There are migratory routes that set off alarms. Specific sequences of countries. Edo (Nigeria), Libya, Italy, Spain. Senegal, Mauritania, Morocco, Spain. A beauty shop in Colombia and a tourist visa at the airport. A woman who arrives without a cell phone and without a card.
These are the main routes of trafficking for the purpose of sexual exploitation that the experts in the women’s area of the Movement for Peace see every day. Mary Renart is a social worker, Rocío Llopis is an immigration lawyer and Pilar Albero, a lawyer specializing in international protection. The three of them have been dedicated since 2019 to collecting the stories of sexually exploited women, ensuring their protection and documenting them so that they can rebuild – if that is possible – their lives.
There are two major migratory routes that reach the association at the moment. One is for Africa, the other for Colombia. Each one has its differences and characteristics to pay attention to. Edo is a state in Nigeria and is considered the cradle of trafficking. “When I hear that a woman has left there, all my alarms go off. It’s a very common case,” says Mary Renart. The route continues through Libya, Italy and Spain.
In Libya is where the greatest atrocities are committed, according to Renart. To cross they must pay for the trip in a more than precarious boat. And from there they will travel back to Spain in cars and vans overcrowded with people. Also in taxis, where some drivers abuse them on the way.
That’s one of the land routes. “In Libya there are some terrible camps not only for these women, but for any person who suffers from abuse, torture, humiliation… The greatest violation of human rights.” They get on the boat after paying thousands of euros to risk their lives. And when they arrive in Italy, the borders become softer. “They go in cars, buses, and many people on the border dedicate themselves to this, they spend it without problems,” assures Renart.
Another African route leaves Senegal, passes through Mauritania and reaches Morocco to circumvent the southern Spanish border. “Nigeria used to be a very powerful indicator. Now we are also very attentive to how the mafias develop in Senegal,” says Llopis. Renart clarifies that “the vast majority of women arrive without proof of anything. But when they come from places like Edo, the simple testimony almost guarantees that they can ask for protection as a victim of trafficking.”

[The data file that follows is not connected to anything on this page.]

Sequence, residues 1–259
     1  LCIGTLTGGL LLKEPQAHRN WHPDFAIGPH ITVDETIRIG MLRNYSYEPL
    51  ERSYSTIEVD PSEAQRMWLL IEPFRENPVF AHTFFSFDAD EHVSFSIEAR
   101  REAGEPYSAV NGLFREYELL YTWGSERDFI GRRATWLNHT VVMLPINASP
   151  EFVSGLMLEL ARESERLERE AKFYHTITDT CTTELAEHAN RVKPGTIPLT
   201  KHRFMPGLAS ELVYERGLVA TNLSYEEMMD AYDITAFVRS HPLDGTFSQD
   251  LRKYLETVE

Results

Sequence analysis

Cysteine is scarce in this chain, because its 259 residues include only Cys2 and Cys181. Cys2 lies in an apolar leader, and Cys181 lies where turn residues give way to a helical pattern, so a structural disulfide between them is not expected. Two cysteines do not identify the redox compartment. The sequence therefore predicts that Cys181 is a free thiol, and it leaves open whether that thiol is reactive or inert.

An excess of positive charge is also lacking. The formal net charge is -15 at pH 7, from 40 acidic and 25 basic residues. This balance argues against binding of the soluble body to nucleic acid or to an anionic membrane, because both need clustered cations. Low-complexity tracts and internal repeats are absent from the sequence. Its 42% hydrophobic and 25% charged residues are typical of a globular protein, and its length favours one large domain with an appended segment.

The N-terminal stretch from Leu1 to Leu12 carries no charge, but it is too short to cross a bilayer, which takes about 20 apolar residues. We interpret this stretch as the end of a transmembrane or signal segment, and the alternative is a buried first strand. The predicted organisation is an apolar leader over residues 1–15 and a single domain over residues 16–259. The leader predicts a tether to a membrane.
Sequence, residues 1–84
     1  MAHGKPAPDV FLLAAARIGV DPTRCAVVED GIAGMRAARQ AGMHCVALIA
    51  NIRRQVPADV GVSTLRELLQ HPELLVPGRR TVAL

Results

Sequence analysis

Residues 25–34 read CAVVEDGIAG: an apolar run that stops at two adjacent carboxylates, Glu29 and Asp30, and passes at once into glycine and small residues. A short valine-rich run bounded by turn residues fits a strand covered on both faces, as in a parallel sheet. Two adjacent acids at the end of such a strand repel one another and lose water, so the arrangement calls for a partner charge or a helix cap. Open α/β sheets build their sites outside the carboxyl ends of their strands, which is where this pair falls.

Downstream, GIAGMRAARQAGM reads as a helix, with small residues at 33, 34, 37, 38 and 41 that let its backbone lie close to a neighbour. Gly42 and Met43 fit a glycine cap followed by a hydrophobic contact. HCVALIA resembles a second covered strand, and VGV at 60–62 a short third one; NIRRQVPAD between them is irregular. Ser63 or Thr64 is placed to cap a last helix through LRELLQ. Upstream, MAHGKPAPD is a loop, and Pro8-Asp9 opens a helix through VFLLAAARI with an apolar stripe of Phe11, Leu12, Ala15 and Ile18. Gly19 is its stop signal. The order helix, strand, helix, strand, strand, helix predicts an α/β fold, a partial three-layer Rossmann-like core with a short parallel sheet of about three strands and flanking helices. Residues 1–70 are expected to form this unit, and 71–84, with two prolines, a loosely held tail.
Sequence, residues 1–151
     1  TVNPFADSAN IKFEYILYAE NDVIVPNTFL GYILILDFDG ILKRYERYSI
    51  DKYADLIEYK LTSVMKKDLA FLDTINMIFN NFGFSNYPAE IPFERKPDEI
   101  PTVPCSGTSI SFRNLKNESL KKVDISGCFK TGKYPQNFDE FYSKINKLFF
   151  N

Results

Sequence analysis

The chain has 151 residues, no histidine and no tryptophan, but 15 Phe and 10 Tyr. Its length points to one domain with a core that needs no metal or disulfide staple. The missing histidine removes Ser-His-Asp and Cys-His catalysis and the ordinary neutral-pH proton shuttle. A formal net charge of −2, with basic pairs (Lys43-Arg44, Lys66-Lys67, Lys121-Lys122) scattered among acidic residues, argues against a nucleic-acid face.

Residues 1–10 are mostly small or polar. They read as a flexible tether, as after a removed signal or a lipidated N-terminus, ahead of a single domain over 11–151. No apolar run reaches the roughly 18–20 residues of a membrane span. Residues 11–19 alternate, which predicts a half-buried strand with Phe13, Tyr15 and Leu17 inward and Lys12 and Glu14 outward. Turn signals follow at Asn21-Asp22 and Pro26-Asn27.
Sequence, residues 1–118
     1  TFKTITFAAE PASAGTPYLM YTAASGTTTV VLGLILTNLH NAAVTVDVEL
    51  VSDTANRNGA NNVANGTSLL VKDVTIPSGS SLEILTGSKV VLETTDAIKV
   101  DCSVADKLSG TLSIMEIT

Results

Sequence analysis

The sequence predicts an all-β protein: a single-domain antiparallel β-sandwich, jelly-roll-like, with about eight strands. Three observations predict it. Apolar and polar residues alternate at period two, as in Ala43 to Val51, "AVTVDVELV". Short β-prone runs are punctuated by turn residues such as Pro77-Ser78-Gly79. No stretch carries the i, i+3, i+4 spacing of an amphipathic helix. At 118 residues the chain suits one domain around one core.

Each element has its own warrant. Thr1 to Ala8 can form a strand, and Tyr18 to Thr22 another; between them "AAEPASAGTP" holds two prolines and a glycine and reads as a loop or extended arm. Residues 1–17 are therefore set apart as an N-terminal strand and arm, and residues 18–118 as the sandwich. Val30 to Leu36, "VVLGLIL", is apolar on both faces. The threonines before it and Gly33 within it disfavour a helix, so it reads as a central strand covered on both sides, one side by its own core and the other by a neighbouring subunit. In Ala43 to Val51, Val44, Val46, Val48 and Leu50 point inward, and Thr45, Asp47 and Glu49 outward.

African women also have a certain profile. “They have all suffered gender violence or domestic violence throughout their lives. And many of them do not have a roof over their heads,” says Renart. That is when the figure of “the savior” appears. A man who promises them take them off the street and tell them “I can take you to Europe”. It can be a single person or an entire organized mafia. “Many women arrive here with their ‘husbands’ who force them to prostitute themselves to earn money. Some, in fact, get pregnant and use the children as an element of coercion on them,” says Renart. When they arrive in Spain, many by sea, they are separated by the first Red Cross care device. “There you try to see what the relationship is like and if there is danger, but many of these victims are never detected.“, says Mary. When they arrive, many ‘husbands’ leave. The entire migration process is linked to them, unlike the mafias, which pass them from hand to hand after the figure of the savior takes them out of the “The common thing is that they take away the mobile with a card and when they arrive they pick them up and give them another one,” they explain.
The second route starts from Colombia, and is very different from the first. To begin with, the victims are recruited by women. And not on the street, but in beauty salons. The false promise is also the same: “I can take you to Europe“.”They usually tell them that here they will work as a maid cleaning, that they will do paperwork for them and they are paid very well, but then they realize that the reality is different,” says Llopis. In these cases there is no exploitative ‘husband’, they are moved the mafias directly.